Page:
According to the National Association of REALTORS® (NAR), the word REALTOR® is a registered mark that applies only to members who ascribe to its Code of Ethics and Standards of Practice. Through the national, state and local associations, members receive educational and ethics training which can result in better business practices in serving consumers and communities.

Realtors can also obtain certifications in counseling, property management, and other specialties based on criteria such as years of practice, continuing education and testing

But is a Realtor any better equipped to sell homes than any other licensed real estate professional? Real estate professionals are educated, trained and licensed by state-approved agencies – not the NAR.

If licensure and state oversight is the standard of practice as a real estate professional, any licensee is as qualified to sell real estate as any Realtor. This fact puts pressure on the NAR and its subsidiaries to deliver value for the hundreds of dollars required of members to stay current.

In recent years, the NAR has been battered by declining membership, a drawn-out battle with the Department of Justice and Federal Trade Commission, the rise of third-party marketplaces Zillow and Trulia and franchisors that provide competing member such as Keller Williams and Realogy, and testy cabals formed by some of its most influential and dissenting brokers such as The Realty Alliance.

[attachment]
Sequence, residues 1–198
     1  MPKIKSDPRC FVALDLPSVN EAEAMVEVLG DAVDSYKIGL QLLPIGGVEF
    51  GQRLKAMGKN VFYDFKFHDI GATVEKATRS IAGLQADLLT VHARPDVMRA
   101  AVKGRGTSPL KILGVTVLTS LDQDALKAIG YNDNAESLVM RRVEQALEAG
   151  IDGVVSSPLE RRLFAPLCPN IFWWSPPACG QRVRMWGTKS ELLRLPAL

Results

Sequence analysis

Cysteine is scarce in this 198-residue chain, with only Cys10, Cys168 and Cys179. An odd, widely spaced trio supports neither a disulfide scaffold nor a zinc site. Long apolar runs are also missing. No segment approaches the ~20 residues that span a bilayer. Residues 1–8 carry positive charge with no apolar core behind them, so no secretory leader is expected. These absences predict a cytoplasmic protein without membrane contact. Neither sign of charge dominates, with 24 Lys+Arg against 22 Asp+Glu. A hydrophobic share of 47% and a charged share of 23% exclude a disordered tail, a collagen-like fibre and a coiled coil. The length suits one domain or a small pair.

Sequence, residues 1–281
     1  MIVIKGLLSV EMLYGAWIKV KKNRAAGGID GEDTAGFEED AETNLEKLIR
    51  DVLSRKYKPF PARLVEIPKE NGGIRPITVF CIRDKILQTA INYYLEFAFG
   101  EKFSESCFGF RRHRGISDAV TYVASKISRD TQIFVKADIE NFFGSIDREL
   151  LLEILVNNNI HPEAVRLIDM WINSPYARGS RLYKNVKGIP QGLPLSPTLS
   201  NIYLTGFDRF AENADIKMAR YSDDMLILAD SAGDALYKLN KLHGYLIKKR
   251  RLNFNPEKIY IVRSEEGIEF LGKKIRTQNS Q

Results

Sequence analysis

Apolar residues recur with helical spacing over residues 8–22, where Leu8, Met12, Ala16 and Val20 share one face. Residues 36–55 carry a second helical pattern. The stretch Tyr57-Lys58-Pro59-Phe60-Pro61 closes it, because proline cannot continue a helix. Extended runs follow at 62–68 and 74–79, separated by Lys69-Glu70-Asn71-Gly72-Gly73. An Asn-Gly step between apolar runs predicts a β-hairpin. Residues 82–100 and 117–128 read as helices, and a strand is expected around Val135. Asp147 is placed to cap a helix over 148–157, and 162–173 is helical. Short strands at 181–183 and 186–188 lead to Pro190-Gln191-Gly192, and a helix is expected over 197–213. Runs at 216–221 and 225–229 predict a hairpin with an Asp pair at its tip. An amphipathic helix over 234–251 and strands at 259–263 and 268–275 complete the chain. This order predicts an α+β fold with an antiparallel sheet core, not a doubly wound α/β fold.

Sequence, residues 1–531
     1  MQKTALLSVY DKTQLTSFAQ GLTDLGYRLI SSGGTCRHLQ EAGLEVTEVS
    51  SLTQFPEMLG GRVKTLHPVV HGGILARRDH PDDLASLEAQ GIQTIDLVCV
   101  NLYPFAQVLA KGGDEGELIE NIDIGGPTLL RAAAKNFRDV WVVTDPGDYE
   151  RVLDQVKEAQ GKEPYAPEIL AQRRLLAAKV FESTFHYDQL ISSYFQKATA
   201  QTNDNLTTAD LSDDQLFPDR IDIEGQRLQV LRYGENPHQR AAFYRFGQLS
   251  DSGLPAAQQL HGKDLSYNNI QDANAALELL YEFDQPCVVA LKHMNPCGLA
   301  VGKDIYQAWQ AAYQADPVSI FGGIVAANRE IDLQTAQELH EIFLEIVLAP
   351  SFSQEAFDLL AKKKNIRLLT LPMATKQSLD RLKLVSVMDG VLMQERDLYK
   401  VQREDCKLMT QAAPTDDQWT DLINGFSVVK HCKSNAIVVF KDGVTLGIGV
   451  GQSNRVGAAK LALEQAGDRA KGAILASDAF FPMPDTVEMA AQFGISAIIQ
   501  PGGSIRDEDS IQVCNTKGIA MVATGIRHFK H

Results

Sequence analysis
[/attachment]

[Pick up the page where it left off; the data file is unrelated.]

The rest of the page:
The result is the dilution of the power and effectiveness of the world’s largest trade organization. No longer does a licensee require membership to the NAR in order to have access to the valuable local multiple listing service, a ground rules cooperative that allows licensees to share and sell each other’s property listings. Practitioners can advertise their listings to consumers on third-party online services besides those sanctioned by association or broker-allied websites, which often have less traffic and name recognition at the local consumer level.

The word Realtor has become part of the lexicon and does little to distinguish licensees to consumers. And NAR’s carefully-crafted-to-say-nothing-memorable television ads fail to empower Realtors or clarify why consumers should prefer them over other licensees.

Is it important for an agent to be a REALTOR®? The answer depends on how the NAR handles these challenges moving forward.


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